How Indonesia became Islamic state || History of Islam in Indonesia || How islam Began

How Indonesia became Islamic state || History of Islam in Indonesia || How islam Began

Islam is the largest religion in Indonesia, with 86.7% of the Indonesian population identifying themselves as Muslim in a 2018 survey. Indonesia has the largest Muslim population in the world, with approximately 225 million Muslims.

In terms of denomination, the overwhelming majority (99%) adheres to Sunni Islam, while there are around 1-3 million Shias (1%), who are concentrated around Jakarta, and about 400,000 Ahmadi Muslims (0.2%). In terms of Islamic schools of jurisprudence, based on demographic statistics, 99% of Indonesian Muslims mainly follow the Shafi’i school, although when asked, 56% does not adhere to any specific school. Trends of thought within Islam in Indonesia can be broadly categorized into two orientations; “modernism” which closely adheres to orthodox theology while embracing modern learning, and “traditionalism” which tends to follow the interpretations of local religious leaders and religious teachers at Islamic boarding schools (pesantren). There is also a historically important presence of a syncretic form of Islam known as kebatinan.

Islam in Indonesia is considered to have gradually spread through merchant activities by Arab Muslim traders, adoption by local rulers and the influence of Sufism since the 13th century. During the late colonial era, it was adopted as a rallying banner against colonialism. Today, although Indonesia has an overwhelming Muslim majority, it is not an Islamic state, but constitutionally a secular state whose government officially recognizes six formal religions.

Spread of Islam

There is evidence of Arab Muslim traders entering Indonesia as early as the 8th century. However, it was not until the end of the 13th century that the spread of Islam began. At first, Islam was introduced through Arab Muslim traders, and then the missionary activity by scholars. It was further aided by the adoption by the local rulers and the conversion of the elites. The missionaries had originated from several countries and regions, initially from South Asia such as Gujarat and other Southeast Asia such as Champa, and later from the southern Arabian Peninsula.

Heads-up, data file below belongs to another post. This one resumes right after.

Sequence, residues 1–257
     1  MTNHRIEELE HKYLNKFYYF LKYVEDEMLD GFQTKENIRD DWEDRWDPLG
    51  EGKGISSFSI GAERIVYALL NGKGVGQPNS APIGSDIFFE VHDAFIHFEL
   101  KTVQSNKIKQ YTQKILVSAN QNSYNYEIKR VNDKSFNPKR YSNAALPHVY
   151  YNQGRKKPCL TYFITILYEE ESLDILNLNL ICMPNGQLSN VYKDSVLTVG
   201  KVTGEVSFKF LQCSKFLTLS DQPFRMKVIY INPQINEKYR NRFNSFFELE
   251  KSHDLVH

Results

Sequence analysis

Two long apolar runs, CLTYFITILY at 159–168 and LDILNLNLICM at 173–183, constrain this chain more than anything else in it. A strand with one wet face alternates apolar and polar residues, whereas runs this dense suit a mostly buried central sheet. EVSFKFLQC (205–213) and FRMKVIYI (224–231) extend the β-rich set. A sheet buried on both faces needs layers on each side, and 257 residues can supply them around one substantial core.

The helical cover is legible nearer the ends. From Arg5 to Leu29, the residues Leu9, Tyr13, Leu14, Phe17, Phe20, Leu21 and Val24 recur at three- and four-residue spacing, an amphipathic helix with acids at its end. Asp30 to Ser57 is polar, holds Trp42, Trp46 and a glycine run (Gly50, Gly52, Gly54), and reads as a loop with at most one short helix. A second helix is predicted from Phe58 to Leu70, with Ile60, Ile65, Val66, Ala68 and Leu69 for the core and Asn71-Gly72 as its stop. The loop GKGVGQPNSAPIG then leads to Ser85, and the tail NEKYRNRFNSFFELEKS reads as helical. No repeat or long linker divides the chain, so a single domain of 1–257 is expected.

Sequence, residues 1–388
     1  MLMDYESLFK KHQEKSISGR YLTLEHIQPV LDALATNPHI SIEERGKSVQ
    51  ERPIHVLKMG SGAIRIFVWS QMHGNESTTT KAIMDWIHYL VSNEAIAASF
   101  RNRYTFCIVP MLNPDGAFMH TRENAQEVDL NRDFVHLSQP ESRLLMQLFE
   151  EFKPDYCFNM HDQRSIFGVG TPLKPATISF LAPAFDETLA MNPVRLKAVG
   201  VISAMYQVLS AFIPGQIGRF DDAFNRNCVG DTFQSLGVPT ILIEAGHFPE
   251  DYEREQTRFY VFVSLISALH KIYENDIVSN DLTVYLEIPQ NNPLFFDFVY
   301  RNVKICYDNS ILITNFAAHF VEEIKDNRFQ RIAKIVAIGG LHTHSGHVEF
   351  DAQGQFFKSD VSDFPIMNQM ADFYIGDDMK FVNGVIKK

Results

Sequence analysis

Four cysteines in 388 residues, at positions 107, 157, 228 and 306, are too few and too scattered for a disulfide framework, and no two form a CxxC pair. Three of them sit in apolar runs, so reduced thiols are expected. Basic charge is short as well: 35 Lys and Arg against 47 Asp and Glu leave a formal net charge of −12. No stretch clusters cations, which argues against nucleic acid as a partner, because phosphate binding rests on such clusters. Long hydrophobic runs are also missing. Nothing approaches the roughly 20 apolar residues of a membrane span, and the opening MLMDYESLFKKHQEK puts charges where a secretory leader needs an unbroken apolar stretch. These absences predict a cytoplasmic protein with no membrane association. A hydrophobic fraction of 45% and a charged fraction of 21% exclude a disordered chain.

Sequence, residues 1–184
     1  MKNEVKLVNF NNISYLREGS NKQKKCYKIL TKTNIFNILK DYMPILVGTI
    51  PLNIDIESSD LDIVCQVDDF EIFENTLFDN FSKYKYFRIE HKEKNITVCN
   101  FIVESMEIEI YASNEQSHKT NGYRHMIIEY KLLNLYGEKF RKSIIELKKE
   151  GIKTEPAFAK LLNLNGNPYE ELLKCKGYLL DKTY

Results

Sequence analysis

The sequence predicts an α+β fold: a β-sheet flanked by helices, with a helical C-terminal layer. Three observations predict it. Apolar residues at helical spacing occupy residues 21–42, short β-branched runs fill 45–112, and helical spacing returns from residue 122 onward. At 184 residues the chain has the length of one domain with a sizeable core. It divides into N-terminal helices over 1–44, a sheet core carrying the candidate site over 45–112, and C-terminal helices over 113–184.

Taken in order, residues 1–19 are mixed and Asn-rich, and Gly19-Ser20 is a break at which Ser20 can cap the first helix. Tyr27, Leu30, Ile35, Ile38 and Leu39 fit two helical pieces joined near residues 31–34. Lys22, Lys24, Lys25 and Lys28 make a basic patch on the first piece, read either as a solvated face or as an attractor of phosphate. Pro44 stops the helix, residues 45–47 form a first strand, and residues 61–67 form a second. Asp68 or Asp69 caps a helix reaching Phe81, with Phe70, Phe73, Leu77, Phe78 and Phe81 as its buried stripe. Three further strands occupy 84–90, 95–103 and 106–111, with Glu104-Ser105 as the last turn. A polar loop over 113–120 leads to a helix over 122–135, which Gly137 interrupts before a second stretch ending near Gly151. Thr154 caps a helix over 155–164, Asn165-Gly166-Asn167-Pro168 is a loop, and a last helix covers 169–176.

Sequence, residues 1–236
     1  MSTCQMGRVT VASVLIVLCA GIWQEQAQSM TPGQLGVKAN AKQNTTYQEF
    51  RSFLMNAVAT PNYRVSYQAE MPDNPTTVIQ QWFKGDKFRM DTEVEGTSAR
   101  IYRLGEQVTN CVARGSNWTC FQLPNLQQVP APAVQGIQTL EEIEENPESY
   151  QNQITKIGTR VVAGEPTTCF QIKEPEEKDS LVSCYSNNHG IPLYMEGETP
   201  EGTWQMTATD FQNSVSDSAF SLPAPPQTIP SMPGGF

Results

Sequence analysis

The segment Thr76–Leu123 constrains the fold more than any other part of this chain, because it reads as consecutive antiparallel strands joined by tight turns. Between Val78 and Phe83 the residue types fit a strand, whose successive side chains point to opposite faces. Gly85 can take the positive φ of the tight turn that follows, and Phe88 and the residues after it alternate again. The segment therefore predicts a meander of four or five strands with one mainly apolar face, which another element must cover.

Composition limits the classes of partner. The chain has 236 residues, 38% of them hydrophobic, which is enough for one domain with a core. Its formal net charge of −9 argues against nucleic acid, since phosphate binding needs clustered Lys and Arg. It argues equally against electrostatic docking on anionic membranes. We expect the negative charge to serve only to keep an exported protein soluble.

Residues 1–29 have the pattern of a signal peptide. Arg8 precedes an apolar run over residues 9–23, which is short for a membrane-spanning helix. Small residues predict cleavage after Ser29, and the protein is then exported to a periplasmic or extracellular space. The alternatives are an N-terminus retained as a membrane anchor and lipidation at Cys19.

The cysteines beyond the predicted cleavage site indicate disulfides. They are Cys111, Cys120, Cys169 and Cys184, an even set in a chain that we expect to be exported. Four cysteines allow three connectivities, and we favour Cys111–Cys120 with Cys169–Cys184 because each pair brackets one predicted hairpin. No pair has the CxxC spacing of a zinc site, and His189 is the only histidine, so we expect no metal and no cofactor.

In the 13th century, Islamic polities began to emerge on the northern coast of Sumatra. Marco Polo, on his way home from China in 1292, reported at least one Muslim town. The first evidence of a Muslim dynasty is the gravestone, dated AH 696 (AD 1297), of Sultan Malik al Saleh, the first Muslim ruler of Samudera Pasai Sultanate. By the end of the 13th century, Islam had been established in Northern Sumatra.

In general, local traders and the royalty of major kingdoms were the first to adopt the new religion. The spread of Islam among the ruling class was precipitated as Muslim traders married the local women, with some of the wealthier traders marrying into the ruling elite’s families. Indonesian people as local rulers and royalty began to adopt it, and subsequently, their subjects mirrored their conversion. Although the spread was slow and gradual, the limited evidence suggests that it accelerated in the 15th century, as the military power of Malacca Sultanate in the Malay Peninsula and other Islamic Sultanates dominated the region aided by episodes of Muslim coup such as in 1446, wars and superior control of maritime trading and ultimate markets.

Indonesia became the world’s second-largest Muslim-majority country after independence in 1945. The separation of Bangladesh from Pakistan in 1971 made it the world’s most populous Muslim-majority country. Post-independence had seen the most significant upheaval of the Muslim society on various aspects of society. This owes to the independence, increased literacy and educational attainment of Muslims, funding from the Middle East and all the more accelerated exchange between other Muslim countries.

The subsequent development of the Muslim society had brought Indonesia even closer to the center of Islamic intellectual activity. Numbers of scholars and writers have contributed to the development of Islamic interpretations within the Indonesian context, often through the intellectual exchange between the foreign contemporaries.


Muslims constitute a majority in most regions of Java, Sumatra, West Nusa Tenggara, Sulawesi, coastal areas of Kalimantan, and North Maluku. Muslims form distinct minorities in Papua, Bali, East Nusa Tenggara, parts of North Sumatra, most inland areas of Kalimantan, and North Sulawesi.